The weekend for the law school was quite steamy as the yearly Phillip C. Jessup Moot National Moot rounds occurred from the 15th to the 16th of February. It is one of the various moot activities that were organized by International Law Students Association (ILSA) spearheaded by Raymond Muhekyi.
Usually, many universities from around the world participate in this competition and the winning university from each of these representative countries flies to Washington DC to compete in the international round. Farou Bay College from Sierra Leone and College of Juba from South Sudan were the winning universities from their home countries and blessed us with their attendance both to participate and learn.
The first day had an international law fellowship which served as a build up for the second day in which the main competitions occurred. Makerere University, Uganda Christian University and Kampala International University all competed with their respective law schools and of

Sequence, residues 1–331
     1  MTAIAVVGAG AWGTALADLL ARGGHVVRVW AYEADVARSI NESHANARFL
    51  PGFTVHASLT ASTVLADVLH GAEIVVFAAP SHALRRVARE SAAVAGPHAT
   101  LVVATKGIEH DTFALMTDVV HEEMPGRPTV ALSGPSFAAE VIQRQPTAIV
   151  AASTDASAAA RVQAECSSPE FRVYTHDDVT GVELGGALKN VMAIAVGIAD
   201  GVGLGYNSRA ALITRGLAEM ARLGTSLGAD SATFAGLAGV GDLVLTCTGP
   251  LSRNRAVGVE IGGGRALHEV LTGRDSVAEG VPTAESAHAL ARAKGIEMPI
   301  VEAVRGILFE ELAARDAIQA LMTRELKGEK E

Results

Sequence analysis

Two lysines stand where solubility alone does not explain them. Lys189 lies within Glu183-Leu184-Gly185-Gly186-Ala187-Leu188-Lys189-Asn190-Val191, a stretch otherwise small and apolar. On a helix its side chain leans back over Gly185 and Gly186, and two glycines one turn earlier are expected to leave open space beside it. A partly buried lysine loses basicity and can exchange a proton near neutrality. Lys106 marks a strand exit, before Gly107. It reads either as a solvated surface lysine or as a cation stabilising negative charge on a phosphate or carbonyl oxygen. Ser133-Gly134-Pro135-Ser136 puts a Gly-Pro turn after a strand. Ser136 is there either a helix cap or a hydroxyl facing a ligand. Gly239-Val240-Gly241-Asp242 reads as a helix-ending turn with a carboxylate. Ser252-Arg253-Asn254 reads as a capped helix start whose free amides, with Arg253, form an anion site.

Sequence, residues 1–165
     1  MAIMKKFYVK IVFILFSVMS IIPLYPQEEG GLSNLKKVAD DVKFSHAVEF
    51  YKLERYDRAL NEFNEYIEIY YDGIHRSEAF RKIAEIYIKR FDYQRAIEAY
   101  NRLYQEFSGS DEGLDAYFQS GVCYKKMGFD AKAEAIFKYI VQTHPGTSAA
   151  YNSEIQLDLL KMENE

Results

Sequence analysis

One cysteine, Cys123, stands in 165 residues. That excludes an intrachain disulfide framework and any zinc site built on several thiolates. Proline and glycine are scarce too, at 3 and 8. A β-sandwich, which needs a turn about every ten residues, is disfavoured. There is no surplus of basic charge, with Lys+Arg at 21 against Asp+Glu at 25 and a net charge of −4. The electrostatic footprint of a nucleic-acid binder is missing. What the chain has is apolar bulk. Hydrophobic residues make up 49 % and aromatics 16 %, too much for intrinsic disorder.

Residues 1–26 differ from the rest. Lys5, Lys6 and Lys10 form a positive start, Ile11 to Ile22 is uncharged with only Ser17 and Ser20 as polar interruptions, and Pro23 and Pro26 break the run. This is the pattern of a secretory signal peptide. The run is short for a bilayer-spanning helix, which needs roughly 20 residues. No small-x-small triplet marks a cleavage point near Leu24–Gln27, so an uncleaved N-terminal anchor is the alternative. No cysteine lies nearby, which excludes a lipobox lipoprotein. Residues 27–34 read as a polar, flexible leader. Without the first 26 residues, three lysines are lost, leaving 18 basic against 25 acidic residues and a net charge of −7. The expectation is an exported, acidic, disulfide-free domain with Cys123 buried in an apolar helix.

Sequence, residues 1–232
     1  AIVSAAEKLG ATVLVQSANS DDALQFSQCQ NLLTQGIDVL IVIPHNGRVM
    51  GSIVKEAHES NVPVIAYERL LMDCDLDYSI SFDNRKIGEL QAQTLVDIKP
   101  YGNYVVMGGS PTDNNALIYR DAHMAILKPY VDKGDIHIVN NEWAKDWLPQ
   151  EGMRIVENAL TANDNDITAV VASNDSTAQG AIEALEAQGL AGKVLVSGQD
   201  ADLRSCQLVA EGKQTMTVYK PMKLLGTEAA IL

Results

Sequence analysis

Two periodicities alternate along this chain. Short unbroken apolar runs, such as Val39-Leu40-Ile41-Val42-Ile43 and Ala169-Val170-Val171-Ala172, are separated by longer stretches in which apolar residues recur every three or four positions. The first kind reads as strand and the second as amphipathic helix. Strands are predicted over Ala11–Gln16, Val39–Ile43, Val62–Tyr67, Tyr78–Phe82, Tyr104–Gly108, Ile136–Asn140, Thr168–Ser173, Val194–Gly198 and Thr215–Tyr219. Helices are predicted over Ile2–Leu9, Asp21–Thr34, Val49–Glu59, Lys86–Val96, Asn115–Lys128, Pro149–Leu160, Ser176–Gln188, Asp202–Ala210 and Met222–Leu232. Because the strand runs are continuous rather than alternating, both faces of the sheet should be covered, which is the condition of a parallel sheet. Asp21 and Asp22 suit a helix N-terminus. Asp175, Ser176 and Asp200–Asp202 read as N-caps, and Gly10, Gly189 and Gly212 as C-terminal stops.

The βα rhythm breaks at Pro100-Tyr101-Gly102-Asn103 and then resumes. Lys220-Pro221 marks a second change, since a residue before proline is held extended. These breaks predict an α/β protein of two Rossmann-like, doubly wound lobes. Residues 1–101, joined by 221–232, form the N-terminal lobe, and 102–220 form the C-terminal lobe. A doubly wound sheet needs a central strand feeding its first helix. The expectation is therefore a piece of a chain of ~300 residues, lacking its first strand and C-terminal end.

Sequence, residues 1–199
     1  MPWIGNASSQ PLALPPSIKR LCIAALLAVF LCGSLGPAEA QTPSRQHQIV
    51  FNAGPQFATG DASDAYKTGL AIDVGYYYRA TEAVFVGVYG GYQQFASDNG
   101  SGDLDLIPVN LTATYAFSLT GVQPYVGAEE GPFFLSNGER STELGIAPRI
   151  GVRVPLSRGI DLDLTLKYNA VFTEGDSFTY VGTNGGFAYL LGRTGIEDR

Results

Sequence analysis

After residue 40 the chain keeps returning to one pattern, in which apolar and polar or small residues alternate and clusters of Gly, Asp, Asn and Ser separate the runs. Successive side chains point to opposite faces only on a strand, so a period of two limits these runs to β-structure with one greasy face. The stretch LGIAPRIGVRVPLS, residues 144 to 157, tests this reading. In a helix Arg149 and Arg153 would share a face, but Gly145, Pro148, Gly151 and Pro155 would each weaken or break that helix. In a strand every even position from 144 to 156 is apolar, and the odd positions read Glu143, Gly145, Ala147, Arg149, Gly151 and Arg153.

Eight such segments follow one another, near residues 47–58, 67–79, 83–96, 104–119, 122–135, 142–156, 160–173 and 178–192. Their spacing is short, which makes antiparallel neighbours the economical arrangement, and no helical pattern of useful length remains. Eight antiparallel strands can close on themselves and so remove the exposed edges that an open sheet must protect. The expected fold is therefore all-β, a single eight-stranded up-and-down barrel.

The competition is a steamy real world representation of the court room and the teams tasked with an 8-16 page question that requires teams to represent an oral and written representation. The written presentation accounts for 60% and the oral accounts for 40%. The oral presentation is an actual base of the court room where judges question and the team present both the applicants and respondents side.
The question was about the case concerning Kayleff Yak and it was covering four broad aspects. The cultural and religious rites of indigenous people, international environmental law and the protection of species at the risk of extinction,